This was the School of American Ballet, founded in 1934, the first product of the Balanchine-Kirstein collaboration. Several ballet companies directed by the two were created and dissolved in the years that followed, while Balanchine found other outlets for his choreography. Eventually, with a performance on October 11, 1948, the New York City Ballet was born. Balanchine served as its ballet master and principal choreographer from 1948 until his death in 1983.
Balanchine's more than 400 dance works include Serenade
(1934), Concerto Barocco
(1941), Le Palais de Cristal, later renamed Symphony in C
(1948), The Nutcracker
(1957), Symphony in Three Movements
(1972), Stravinsky Violin Concerto
(1972), Vienna Waltzes
(1977), Ballo della Regina
(1978), and Mozartiana
(1981). His final ballet, a new version of Stravinsky's Variations for Orchestra
, was created in 1982.
He also choreographed for films, operas, revues, and musicals. Among his best-known dances for the stage is Slaughter on Tenth Avenue, originally created for Broadway's On Your Toes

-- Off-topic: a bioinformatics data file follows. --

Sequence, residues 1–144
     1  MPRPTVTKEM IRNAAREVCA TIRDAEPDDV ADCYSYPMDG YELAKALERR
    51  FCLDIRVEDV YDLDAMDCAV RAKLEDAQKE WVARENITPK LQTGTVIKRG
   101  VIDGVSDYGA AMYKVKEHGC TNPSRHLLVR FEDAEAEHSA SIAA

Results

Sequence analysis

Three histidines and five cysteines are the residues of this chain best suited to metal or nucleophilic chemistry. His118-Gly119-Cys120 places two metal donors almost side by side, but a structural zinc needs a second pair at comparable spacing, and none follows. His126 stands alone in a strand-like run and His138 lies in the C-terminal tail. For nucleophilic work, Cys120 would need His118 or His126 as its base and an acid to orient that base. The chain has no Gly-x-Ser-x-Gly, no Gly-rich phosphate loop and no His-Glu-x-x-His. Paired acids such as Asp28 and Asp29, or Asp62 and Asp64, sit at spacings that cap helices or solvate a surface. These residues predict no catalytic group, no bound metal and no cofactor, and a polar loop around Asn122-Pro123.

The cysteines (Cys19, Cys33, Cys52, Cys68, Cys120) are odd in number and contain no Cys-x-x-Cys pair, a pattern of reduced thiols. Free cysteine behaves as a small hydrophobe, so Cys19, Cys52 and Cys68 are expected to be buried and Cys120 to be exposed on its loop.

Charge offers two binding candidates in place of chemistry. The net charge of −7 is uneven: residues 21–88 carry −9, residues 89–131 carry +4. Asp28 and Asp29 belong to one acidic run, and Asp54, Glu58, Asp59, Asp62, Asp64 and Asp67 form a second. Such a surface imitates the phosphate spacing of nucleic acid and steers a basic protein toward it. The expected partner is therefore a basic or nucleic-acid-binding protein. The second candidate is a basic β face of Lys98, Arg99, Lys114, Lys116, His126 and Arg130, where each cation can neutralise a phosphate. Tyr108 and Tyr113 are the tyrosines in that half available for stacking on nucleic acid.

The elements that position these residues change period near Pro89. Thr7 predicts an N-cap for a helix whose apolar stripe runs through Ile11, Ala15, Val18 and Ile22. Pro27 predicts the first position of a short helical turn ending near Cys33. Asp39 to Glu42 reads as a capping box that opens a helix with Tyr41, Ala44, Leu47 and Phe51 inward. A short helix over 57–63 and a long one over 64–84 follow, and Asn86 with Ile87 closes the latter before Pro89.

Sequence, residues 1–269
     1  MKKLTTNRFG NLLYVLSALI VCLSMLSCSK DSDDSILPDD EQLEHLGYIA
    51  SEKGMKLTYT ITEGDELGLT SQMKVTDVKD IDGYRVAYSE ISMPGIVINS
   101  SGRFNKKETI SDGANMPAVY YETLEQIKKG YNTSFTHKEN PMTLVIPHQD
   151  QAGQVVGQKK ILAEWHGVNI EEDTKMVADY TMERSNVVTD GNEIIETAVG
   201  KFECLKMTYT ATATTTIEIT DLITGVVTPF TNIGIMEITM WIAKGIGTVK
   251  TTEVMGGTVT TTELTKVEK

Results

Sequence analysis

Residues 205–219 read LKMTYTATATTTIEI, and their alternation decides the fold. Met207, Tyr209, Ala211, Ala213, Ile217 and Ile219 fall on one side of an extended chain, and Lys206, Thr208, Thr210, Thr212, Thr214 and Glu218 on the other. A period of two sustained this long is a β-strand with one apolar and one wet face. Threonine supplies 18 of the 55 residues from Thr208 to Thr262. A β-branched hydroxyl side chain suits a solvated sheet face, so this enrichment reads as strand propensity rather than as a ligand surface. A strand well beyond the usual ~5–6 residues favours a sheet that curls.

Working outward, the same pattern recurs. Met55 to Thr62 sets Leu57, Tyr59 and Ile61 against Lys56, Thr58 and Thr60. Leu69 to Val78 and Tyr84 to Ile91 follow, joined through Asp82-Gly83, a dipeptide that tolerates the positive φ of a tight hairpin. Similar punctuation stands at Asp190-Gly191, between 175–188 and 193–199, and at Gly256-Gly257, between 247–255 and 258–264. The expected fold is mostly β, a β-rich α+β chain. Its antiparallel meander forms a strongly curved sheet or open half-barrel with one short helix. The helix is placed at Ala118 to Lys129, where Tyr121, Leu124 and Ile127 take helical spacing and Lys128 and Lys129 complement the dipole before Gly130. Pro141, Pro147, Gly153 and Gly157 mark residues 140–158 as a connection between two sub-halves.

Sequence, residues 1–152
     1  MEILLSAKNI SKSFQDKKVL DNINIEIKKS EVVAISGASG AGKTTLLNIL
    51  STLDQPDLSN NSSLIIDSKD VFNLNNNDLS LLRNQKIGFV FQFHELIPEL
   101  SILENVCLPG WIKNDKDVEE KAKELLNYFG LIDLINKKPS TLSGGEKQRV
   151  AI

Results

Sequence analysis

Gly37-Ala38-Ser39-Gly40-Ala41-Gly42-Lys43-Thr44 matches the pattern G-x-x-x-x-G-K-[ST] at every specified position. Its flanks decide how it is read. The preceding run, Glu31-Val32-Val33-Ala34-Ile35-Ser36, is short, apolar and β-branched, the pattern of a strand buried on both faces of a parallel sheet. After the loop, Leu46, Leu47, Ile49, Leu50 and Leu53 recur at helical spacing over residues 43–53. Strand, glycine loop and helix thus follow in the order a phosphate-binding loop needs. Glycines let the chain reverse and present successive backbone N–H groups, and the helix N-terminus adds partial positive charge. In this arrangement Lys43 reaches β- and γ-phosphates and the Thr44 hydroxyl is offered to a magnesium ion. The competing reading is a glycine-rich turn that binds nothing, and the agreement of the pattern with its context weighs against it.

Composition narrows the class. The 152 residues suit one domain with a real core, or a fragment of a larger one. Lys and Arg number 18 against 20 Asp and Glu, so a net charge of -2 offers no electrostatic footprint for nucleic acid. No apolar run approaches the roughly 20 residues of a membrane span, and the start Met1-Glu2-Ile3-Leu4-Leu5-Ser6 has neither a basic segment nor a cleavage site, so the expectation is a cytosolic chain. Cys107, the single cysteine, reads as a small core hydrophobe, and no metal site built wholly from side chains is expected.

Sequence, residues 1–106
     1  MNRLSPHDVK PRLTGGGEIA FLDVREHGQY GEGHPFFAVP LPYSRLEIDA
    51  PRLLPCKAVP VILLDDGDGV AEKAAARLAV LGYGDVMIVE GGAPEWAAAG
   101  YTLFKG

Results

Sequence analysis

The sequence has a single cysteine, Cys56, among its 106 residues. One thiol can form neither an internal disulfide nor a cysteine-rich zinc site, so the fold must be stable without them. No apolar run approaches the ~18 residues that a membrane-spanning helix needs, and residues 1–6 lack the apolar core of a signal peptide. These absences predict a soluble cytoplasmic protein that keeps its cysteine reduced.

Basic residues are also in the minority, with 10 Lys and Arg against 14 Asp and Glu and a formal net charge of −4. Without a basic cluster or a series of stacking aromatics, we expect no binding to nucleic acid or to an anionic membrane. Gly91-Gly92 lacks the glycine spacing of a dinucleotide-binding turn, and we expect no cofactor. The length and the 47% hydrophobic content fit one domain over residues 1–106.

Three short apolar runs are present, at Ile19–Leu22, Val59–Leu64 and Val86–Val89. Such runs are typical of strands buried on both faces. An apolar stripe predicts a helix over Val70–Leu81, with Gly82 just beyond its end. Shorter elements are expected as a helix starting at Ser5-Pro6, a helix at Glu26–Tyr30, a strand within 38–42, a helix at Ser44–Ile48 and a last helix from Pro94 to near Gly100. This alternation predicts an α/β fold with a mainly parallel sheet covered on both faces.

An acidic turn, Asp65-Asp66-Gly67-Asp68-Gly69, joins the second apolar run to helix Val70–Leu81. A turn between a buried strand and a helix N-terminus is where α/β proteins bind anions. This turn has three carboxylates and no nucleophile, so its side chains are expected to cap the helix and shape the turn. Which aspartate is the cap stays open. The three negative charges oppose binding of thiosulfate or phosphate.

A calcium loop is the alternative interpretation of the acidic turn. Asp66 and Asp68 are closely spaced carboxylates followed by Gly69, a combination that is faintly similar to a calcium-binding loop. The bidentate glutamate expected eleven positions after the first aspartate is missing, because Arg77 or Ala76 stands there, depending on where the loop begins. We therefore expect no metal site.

(1936). The musical was later made into a movie.
A major artistic figure of the twentieth century, Balanchine revolutionized the look of classical ballet. Taking classicism as his base, he heightened, quickened, expanded, streamlined, and even inverted the fundamentals of the 400-year-old language of academic dance. This had an inestimable influence on the growth of dance in America. Although at first his style seemed particularly suited to the energy and speed of American dancers, especially those he trained, his ballets are now performed by all the major classical ballet companies throughout the world.
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Photo, top: George Balanchine.
Courtesy NYCB Archives Tanaquil LeClerq Collection.